If the Thunder see the writing on the wall that Durant is not going to sign an extension, it would make sense to cash in on their superstar to facilitate a rebuild around Russell Westbrook. Oklahoma City is much like the Tampa Bay Rays of baseball in that respect; they know they cannot compete for high priced free agents, both from a monetary and location perspective (with all due respect to Oklahoma City, it is not exactly a destination city for young, affluent millionaires).
They did the same thing with James Harden, so they could easily do the same with Kevin Durant.
Enter the Sixers. Play asset roulette with the above list, and it is easy to see how a deal could be worked out. The Sixers could offer a package of Noel, Saric, and three high lottery first round picks (like their own 2016 first rounder, the Heat's first rounder, and the 2018 Kings first round pick) for Durant. Oklahoma City would instantly restock their team with a mixture of young talent and high lottery picks to build around Russell Westbrook, who would become the centerpiece of their franchise (assuming he does not leave in free agency as well).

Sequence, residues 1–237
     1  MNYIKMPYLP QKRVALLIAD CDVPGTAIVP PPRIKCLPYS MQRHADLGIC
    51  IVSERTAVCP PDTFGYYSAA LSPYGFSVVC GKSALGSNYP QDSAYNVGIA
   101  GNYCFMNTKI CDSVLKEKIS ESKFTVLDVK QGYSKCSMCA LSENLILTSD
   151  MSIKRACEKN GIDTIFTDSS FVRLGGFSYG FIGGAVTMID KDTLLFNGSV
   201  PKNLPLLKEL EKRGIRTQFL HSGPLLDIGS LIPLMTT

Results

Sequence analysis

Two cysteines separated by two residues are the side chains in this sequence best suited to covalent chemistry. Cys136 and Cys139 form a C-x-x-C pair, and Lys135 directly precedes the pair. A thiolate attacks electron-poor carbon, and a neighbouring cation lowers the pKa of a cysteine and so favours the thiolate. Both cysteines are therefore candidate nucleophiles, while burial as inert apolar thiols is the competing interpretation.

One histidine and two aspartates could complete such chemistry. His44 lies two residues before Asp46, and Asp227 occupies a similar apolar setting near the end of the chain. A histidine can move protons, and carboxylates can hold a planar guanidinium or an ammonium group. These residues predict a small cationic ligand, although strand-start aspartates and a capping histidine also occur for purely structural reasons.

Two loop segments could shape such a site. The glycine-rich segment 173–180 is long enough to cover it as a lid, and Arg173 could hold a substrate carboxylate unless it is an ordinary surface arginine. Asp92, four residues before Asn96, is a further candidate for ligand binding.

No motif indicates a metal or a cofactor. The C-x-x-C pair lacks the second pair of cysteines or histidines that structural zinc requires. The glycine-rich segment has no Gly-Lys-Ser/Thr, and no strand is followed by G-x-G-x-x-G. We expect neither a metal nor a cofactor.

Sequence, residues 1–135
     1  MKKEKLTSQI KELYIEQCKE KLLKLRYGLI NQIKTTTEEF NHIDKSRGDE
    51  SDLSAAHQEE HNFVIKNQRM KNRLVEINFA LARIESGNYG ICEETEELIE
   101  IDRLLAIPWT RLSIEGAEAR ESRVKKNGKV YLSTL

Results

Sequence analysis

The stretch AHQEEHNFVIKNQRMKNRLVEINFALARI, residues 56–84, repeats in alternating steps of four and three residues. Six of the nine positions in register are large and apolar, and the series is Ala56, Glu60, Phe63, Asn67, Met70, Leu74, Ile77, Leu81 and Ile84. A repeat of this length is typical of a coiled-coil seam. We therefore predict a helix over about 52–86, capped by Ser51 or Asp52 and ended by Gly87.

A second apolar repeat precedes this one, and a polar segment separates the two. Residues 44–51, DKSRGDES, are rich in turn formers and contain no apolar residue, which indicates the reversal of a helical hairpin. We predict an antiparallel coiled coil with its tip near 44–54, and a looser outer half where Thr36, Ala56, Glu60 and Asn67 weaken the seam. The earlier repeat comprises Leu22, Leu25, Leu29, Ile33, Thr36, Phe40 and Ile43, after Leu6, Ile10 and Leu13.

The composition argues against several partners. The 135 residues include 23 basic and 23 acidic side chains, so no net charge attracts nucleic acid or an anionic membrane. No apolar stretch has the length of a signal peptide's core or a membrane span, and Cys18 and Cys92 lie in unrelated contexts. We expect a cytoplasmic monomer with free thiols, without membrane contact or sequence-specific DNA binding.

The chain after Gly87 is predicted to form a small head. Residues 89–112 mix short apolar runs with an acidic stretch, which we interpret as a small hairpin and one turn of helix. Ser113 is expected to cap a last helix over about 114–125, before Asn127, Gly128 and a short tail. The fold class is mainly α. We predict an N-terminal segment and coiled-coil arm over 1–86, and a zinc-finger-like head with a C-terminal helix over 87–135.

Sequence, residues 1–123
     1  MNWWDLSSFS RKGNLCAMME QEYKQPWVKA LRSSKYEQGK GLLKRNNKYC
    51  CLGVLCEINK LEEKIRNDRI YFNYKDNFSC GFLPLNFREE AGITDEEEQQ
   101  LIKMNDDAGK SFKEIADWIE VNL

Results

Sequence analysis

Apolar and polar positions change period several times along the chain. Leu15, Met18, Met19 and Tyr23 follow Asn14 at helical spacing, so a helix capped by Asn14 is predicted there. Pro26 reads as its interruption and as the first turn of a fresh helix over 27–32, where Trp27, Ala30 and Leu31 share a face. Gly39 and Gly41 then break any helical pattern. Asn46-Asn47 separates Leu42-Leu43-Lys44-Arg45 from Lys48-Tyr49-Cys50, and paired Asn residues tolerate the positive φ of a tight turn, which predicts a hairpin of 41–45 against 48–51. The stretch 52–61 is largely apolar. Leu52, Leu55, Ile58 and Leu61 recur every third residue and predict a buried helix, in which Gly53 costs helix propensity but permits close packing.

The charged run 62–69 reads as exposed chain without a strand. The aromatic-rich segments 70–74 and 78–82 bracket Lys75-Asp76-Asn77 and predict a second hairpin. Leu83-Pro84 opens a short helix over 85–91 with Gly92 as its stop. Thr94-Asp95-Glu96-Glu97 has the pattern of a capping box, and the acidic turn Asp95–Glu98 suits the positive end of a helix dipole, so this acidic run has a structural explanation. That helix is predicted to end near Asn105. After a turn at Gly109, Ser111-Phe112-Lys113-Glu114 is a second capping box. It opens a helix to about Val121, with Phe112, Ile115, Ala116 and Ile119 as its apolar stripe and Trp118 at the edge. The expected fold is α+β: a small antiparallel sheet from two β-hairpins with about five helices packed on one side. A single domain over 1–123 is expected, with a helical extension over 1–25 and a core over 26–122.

This entire trade, of course, would hinge on Durant agreeing to sign an extension with the Sixers. Would a young core of Okafor, Embiid, Stauskas, and multiple first round picks be enough? Probably not. But remember, the Sixers would still have enough cap space to sign another max level free agent. Couple that with Durant's close relationship with Wright, the Sixers rich tradition of basketball and their new state of the art facility being finished in 2016, and it's not hard to see how all of a sudden Philly could be an appealing destination for Durant.
It goes without say that this is purely speculation on my part and should not be read as a "report" or even a "prediction" that the Sixers are favorites to land Durant in 2016.
Instead, this was meant only to open your eyes to the possibility that the Sixers could be major players for top flight talent via trade, and that it could happen much sooner than you think.